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Griffin v. Selsky

NEW YORK SUPREME COURT, APPELLATE DIVISION, THIRD DEPARTMENT


March 26, 2009

IN THE MATTER OF GERALD GRIFFIN, PETITIONER,
v.
DONALD SELSKY, AS DIRECTOR OF SPECIAL HOUSING AND INMATE DISCIPLINARY PROGRAMS, RESPONDENT.

Published by New York State Law Reporting Bureau pursuant to Judiciary Law § 431.

This opinion is uncorrected and subject to revision before publication in the Official Reports.

Calendar Date: January 26, 2009

Before: Mercure, J.P., Lahtinen, Kane, Malone Jr. and McCarthy, JJ.

MEMORANDUM AND JUDGMENT

Proceeding pursuant to CPLR article 78 (transferred to this Court by order of the Supreme Court, entered in Albany County) to review a determination of the Commissioner of Correctional Services which found petitioner guilty of violating a prison disciplinary rule.

Following a search of his cell, petitioner was charged in a misbehavior report with violating the prison disciplinary rules that prohibit smuggling and possessing a weapon. At the conclusion of the ensuing tier III disciplinary hearing, petitioner was found not guilty of smuggling and guilty of possessing a weapon and a penalty was imposed. Although the penalty was modified upon administrative appeal, the finding of guilt was affirmed, prompting petitioner to commence this proceeding pursuant to CPLR article 78 to challenge that determination.

We confirm. Contrary to petitioner's assertion, the misbehavior report and the testimony of the authoring correction officer provide substantial evidence of petitioner's guilt (see Matter of Lopez v Selsky, 28 AD3d 968 [2006]). Although petitioner may not have had exclusive access to the area where the secreted utility blade was found, a reasonable inference of possession arises from the fact that the weapon, which was discovered inside the fold of a hat underneath petitioner's mattress, was located in an area within his control (see Matter of Amadeo v Goord, 49 AD3d 1121, 1122 [2008]; Matter of Lopez v Selsky, 28 AD3d at 968). To the extent that petitioner denied that the weapon was his and/or claimed that it had been planted underneath his mattress by his cellmate, this presented a credibility issue for the Hearing Officer to resolve (see Matter of Fews v Goord, 54 AD3d 1073, 1074 [2008]; Matter of Wilson v Goord, 47 AD3d 1102, 1103 [2008]). Further, "[b]ecause petitioner was not removed from his cell for the purpose of conducting the search, the applicable directive did not require his presence" (Matter of Williams v Goord, 270 AD2d 744, 745 [2000]; see Department of Correctional Services Directive 4910 IIV [c] [1]; Matter of Stolpinski v New York State Dept. of Correctional Servs., 32 AD3d 1091, 1092 [2006]; Matter of Thomas v Selsky, 23 AD3d 868, 869 [2005]; Matter of Freeman v Selsky, 270 AD2d 547 [2000]). Finally, petitioner's objections to the sufficiency of the misbehavior report are unpreserved for our review given his failure to raise these issues at the disciplinary hearing (see Matter of Tafari v Selsky, 41 AD3d 1117 [2007], lv denied 9 NY3d 809 [2007]; Matter of Cameron v Goord, 10 AD3d 795, 796 [2004]).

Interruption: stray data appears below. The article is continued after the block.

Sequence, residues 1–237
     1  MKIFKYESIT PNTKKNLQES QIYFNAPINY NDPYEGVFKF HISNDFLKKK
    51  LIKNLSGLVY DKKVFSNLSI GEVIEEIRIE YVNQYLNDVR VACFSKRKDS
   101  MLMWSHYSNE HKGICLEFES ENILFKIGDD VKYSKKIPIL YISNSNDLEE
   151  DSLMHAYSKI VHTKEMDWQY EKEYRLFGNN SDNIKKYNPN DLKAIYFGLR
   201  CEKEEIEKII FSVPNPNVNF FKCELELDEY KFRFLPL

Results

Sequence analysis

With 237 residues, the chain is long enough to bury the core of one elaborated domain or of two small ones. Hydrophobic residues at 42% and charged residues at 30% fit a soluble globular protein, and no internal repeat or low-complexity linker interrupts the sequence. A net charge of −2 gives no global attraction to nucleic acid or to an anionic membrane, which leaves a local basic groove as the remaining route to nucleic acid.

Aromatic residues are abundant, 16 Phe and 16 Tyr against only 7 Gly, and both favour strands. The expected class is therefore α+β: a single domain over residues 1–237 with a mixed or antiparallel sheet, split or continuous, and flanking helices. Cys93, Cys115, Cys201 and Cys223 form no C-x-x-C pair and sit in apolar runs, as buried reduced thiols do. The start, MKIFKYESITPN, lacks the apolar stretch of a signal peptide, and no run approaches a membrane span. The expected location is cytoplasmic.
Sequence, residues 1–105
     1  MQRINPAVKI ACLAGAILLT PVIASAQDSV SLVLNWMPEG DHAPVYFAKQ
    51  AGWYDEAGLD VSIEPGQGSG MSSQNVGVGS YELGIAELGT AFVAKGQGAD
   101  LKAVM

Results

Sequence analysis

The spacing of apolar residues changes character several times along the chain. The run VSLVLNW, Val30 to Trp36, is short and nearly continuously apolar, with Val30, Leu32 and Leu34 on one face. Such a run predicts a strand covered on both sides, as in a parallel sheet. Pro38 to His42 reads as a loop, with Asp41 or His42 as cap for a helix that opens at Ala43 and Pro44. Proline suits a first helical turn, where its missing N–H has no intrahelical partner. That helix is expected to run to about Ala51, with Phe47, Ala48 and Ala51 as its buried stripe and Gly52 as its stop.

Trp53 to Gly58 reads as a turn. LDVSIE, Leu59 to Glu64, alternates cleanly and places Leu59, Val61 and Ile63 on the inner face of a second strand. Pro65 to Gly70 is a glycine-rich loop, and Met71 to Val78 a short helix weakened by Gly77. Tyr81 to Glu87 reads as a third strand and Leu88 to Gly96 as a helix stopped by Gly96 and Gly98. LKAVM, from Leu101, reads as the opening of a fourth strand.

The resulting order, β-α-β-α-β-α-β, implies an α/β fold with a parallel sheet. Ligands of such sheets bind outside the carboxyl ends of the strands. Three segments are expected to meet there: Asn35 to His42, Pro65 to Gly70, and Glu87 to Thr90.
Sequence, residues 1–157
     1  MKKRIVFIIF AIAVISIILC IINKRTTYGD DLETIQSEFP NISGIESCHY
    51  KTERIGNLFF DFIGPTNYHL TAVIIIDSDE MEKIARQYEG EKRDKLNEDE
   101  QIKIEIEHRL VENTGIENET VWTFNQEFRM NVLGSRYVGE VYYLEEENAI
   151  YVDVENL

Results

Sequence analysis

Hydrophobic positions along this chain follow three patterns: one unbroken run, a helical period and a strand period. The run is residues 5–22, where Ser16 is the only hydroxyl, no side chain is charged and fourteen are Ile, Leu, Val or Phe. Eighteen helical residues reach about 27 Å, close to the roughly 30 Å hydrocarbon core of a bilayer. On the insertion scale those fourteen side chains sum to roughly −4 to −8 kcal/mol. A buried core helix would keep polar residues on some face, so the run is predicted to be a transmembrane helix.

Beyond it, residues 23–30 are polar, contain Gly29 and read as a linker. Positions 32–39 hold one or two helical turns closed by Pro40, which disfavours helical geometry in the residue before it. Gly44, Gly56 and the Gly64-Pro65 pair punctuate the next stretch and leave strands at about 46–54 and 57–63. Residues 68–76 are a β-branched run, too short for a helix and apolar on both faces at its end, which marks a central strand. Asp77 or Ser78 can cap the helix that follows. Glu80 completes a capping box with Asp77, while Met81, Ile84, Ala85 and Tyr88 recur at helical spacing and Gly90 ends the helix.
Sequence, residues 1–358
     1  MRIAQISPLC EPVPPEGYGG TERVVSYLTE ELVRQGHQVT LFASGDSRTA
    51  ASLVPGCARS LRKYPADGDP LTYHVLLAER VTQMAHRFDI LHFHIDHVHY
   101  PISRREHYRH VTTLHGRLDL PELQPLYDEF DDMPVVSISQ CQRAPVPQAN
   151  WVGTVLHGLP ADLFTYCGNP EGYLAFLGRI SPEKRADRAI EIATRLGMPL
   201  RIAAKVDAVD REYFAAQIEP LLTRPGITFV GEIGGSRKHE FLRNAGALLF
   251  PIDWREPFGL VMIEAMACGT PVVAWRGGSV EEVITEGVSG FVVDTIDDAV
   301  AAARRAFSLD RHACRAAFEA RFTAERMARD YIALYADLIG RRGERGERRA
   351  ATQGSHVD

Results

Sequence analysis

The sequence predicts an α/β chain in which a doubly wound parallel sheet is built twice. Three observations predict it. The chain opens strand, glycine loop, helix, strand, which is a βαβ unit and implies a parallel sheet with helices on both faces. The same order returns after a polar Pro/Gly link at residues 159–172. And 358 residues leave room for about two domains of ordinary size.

Mercure, J.P., Lahtinen, Kane, Malone Jr. and McCarthy, JJ., concur.

ADJUDGED that the determination is confirmed, without costs, and petition dismissed.

20090326

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